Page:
If you happen to stumble across the myspace page for the local band, Limelight, and select a track, you’ll have a pretty difficult time distinguishing the Rush Tribute band from the actual thing. 35 year career musician and lead guitar, Eric Strom can speak for the band as to why they’ve chosen this outlet for their musical talents. “We were all inspired as young musicians by the band and their music and they influenced our own careers,” he says.
So with the proficiency and expertise that they possess today, they are able to do justice to the sound that most moves them. “I think it really comes down to practice and paying attention to detail and making sure that what we are doing is accurately representing what has been written/recorded by the band,” says the 45 year old rocker.
Of course, without a Getty Lee-like lead, all the nuanced rifts wouldn’t leave Limelight in the same illumination as the real Rush. “Rob is a chameleon,” he says of lead singer Rob Jackson, as he praises the way he diligently works on inflection and timing to deliver it right out front.
But how many times can you be a “New World Man” without it getting old. “It doesn’t get boring performing them, but it can be boring and repetitious rehearsing and practicing,” he says.
That repetition, though, is alleviated by the challenge of continuing to sift through the music in search of things they might have missed. “I know I go back and listen to the recordings and I still pick up things that I could be doing to help make it more accurate,” he says.
Looking back, Mr. Strom has been associated professionally with music for at least 25 years. He played in a series of bands early on until he came to a career conclusion that left dreams of stardom to the next generation. “I decided I was just another guitar player,” he says, and got himself behind the scenes to make his living.
He went to work as a roady, touring for many years before becoming a sound engineer and running his own sound reinforcement company. So, he says, “I always kept my finger in the pie.”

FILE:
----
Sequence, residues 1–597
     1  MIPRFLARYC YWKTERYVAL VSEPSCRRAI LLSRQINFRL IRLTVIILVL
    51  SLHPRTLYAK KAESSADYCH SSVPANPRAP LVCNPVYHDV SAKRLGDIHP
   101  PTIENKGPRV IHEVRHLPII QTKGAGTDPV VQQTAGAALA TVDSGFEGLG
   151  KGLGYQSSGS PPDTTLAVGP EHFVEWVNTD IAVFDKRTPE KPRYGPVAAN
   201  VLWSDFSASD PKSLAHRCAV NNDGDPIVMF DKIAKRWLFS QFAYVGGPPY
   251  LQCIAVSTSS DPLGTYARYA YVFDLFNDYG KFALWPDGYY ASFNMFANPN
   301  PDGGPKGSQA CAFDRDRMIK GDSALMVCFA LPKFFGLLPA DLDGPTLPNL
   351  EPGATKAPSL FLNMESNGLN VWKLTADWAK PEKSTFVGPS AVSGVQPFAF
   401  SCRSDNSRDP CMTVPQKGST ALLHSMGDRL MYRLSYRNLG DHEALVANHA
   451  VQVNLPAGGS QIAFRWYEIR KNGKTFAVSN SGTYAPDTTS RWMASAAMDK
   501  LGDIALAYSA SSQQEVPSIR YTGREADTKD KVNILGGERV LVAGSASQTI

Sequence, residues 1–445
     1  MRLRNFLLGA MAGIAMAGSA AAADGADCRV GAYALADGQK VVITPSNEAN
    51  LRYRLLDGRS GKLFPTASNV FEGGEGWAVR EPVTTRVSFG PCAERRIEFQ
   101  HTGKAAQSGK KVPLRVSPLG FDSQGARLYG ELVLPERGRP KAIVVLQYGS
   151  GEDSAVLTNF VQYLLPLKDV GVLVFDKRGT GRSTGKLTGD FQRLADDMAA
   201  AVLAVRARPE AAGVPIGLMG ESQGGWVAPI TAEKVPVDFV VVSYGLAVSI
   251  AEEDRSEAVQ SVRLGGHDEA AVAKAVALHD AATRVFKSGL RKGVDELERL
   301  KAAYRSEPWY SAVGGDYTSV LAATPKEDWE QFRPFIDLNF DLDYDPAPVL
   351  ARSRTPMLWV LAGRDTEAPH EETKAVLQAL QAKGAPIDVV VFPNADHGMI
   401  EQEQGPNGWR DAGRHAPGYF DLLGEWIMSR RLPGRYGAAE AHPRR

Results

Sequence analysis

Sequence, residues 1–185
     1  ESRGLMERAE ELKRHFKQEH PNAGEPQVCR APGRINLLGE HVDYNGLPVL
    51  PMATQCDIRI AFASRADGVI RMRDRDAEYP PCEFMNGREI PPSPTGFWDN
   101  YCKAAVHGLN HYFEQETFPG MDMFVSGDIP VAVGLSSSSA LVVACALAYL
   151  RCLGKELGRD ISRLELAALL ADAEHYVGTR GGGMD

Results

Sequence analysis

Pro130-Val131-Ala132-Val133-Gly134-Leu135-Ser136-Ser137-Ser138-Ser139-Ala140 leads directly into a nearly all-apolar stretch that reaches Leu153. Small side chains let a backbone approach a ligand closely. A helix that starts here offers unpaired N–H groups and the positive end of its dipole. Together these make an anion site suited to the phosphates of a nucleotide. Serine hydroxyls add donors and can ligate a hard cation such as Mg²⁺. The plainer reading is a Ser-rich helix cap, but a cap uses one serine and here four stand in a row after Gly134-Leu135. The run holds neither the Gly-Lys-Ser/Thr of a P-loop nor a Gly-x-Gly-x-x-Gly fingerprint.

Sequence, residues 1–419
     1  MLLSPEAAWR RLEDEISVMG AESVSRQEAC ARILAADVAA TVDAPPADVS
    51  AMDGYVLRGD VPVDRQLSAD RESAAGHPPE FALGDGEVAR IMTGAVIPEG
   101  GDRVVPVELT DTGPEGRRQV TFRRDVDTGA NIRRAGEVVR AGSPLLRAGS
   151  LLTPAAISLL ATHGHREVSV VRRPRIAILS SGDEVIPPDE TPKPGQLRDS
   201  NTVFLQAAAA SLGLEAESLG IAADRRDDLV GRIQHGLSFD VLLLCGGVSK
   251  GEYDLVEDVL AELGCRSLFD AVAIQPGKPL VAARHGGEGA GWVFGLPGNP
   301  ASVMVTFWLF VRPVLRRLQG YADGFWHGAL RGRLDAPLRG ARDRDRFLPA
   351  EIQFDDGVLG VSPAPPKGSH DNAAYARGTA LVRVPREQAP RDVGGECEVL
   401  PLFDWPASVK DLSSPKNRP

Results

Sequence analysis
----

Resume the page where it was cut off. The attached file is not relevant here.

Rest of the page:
About 15 years ago, he hooked on with a hard rock band called Scud Bunch, which led to an eventual introduction to the musicians who put together Limelight. The band officially opened for business in 2002 and currently plays about once a month.
Currently, he daylights as the general manager of a print shop because, he says, “We’re certainly not getting rich doing this once a month.” On the other hand, the response they receive from audiences serves as a pretty nice form of payment between special fonts and italicized print.
In a large sense, their most significant payment has come in Toronto, where they’ve played several times at an annual food benefit called RushCon. The organization puts out a worldwide call to find the best Rush Band available, but Limelight’s frequent flyer mileage goes unaffected due to the ground-based transport that their finances dictate. “It’s a pain getting there, it’s a pain getting back, but it’s definitely worth it,” he says of the long drive to Canada.
As for the real Rush, they recently put out, “Snacks and Arrows,” of which Limelight has added several songs to their own catalogue, but they mostly stick to the familiar songs with good reason. “We don’t spend a lot of time on a certain segment of their music because it’s not recognizable and it doesn’t receive the same kind of response,” he says.
He’s got good reason to believe, though, that Rush is aware of their existence, and he hopes someday for an introduction – despite how ga-ga he will be if it ever happens. “I will be like a little school girl,” he says, but for now Limelight is the best way for all of them to say Thank You.